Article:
Dear Family and Friends:                               December 2008   

The events of this year compel us to listen harder than ever for angel voices announcing the Good News that the Christ of Christmas is alive and well, and that the values and goals of the Kingdom of God will ultimately prevail. The long and expensive election process is finally over, with the result that we personally had hoped for. However, the major problems our new Government faces at home are the most daunting in decades, while the on-going conflicts abroad cry out for “peace on earth, good will towards all.” In the midst of these many challenges, the message of the ‘Savior of the world’ is more relevant and hope-filled than ever. 

We trust that this has been a year of blessings for you and yours, and especially for those of you who have had to go through some deep waters. We look forward to hearing from you and catching up on your news. For us, it has been a year filled with joys, some sorrows, a few challenges and some wonderful opportunities. 

In late November last year, our treasured brother-in-law, Theo Bouwman, suddenly died in the Netherlands at the age of 59. Theo, struck with polio as a teenager, spent most of his life in a wheelchair. He was a great example of patience and perseverance, having worked as a librarian at the Free University in Amsterdam and having helped raise three tall sons. Renske was able to fly to Amsterdam to attend the funeral and to spend a few weeks with her sister, Hanna. The whole family misses him. Then in April, Renske’s Mom, Tina Greve, died in Holland, MI just short of her 90th birthday after having become increasingly frail during the last year of her life. Faced with some major challenges (like a four-year stint in a Japanese concentration camp in Indonesia and the loss of her husband at age 60), Tina lived a long life of faith and service. As a mother of five, a high school teacher, an active church member and a friend and mentor of many, Tina used her God-given gifts well. She too will be missed. We will also greatly miss our energetic cousin, Jim Karsen, who died in July in Grand Rapids, MI.    

On a happier note, most of our family, and almost all of the Hughes clan, gathered in Asheville, NC on Labor Day for the marriage of our son, Andrew, to his fiancee, Geniu’ne Bedini. Andrew and Geniu’ne had been courting for over three years, and it was a joy to welcome Geniu’ne (pronounced ‘Jeanine’) into our Karsen family. Unfortunately, Steve, Pelesia and the girls were unable to be there since they had returned to Korea in August to continue their ministry in Christian education, while Rachel (who continues to teach French in Pasadena, CA) was prevented from coming by the last-minute illness of daughter Lola. Phil came from Connecticut (where he had just landed a huge contract for his construction company), along with Seth (who continues to be quite the scholar as well as playing clarinet in his school band). We are now planning a Karsen Reunion in North Carolina for next July, and it looks like everybody will be able to make it. While in NC, we also enjoyed touching base with our old friends, the Bechtels, who had moved down there a few years ago.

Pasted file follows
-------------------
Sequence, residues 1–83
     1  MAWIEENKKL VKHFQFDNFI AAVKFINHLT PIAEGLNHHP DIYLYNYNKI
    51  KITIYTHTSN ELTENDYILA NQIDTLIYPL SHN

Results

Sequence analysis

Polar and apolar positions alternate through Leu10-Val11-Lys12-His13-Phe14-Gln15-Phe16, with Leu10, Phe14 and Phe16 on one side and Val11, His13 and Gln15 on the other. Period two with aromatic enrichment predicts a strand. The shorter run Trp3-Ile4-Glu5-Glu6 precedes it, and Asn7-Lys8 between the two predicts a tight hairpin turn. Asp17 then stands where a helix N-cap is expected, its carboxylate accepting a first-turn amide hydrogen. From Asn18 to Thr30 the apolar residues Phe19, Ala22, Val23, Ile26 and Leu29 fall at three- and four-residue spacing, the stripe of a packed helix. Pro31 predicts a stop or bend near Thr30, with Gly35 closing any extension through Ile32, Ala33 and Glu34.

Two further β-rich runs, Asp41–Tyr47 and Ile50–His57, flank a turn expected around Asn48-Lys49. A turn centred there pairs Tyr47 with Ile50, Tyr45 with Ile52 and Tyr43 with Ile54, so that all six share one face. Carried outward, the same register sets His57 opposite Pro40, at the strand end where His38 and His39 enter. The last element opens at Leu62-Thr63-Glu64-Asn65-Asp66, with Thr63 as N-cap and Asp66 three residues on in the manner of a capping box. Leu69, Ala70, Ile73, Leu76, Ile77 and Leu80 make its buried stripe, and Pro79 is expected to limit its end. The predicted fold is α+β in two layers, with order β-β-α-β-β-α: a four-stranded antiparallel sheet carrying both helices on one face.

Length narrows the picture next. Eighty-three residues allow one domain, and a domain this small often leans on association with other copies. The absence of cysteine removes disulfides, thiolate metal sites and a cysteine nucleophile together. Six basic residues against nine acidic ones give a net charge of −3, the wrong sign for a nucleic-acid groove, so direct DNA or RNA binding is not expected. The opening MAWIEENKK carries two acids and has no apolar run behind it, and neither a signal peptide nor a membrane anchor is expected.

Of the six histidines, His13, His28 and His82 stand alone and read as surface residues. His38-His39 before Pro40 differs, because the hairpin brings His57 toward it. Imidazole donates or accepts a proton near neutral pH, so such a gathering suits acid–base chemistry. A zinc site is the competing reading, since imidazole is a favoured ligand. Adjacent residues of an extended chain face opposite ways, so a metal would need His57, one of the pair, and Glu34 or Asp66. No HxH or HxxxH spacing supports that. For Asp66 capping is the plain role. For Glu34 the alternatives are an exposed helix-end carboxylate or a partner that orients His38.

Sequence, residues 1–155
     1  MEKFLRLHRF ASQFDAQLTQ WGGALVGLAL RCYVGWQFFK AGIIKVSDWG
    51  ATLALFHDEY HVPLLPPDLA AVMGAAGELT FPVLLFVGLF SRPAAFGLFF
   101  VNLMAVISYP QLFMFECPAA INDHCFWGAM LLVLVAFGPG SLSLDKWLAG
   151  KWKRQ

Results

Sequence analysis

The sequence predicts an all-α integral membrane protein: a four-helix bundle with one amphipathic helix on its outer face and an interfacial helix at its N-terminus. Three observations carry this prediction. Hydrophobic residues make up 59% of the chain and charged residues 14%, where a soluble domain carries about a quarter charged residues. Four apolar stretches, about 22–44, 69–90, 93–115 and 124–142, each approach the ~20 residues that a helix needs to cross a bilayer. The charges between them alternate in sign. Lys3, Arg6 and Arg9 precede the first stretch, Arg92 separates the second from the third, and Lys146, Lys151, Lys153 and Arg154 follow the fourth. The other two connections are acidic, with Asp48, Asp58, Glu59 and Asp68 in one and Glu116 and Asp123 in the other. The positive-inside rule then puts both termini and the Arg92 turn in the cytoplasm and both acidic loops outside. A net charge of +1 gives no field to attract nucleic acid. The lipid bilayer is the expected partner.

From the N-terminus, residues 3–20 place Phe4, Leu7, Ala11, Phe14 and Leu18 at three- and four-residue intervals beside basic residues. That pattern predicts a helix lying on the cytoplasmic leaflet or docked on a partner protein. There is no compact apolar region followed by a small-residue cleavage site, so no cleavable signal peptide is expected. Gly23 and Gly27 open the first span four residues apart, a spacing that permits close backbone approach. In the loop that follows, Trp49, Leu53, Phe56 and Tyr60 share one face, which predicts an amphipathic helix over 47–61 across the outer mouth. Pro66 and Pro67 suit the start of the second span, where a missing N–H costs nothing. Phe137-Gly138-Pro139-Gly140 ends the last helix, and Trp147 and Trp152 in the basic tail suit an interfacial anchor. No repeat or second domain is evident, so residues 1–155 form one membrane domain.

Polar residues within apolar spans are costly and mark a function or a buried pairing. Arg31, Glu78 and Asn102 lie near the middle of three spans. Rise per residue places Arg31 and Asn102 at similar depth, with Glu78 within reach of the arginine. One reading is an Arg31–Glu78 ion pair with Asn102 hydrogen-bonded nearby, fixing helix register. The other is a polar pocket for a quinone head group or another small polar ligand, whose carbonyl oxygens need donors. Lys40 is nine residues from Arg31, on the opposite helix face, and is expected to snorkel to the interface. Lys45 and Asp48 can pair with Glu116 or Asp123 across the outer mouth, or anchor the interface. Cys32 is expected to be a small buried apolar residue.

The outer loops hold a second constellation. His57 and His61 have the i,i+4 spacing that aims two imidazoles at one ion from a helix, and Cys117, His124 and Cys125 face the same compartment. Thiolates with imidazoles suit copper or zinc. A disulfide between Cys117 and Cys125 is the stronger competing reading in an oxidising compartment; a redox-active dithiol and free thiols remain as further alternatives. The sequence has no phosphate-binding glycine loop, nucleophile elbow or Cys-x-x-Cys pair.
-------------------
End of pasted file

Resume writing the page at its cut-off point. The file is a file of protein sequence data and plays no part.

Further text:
This year offered us some exciting short-term mission opportunities. In March-April, we spent five weeks in Indonesia where Wendell spelled the pastor of the Church we began in Bali for three weeks while he was away on vacation. It was wonderful to touch base with so many friends and colleagues again, to be able to be of service there and to visit the Church’s “Save a Village” mission project on the island of Timor. Then it was on to Medan, Sumatra where Wendell was invited to lecture at a local seminary, conduct a marriage workshop and preach two services at the Church we had served there during their 50th anniversary year. Since Renske had to return to the USA for her mother’s funeral, Wendell completed the final leg of this preaching/teaching mission on his own by flying to Banjarmasin, South Kalimantan (formerly Borneo). There, one of the Western Seminary graduates that he had mentored, and who is now the president of a theological school, arranged for him to lecture and preach. A special treat was to stop off in Suwon, Korea for a week to visit Steve, Pelesia and the girls in their new school setting on the way home.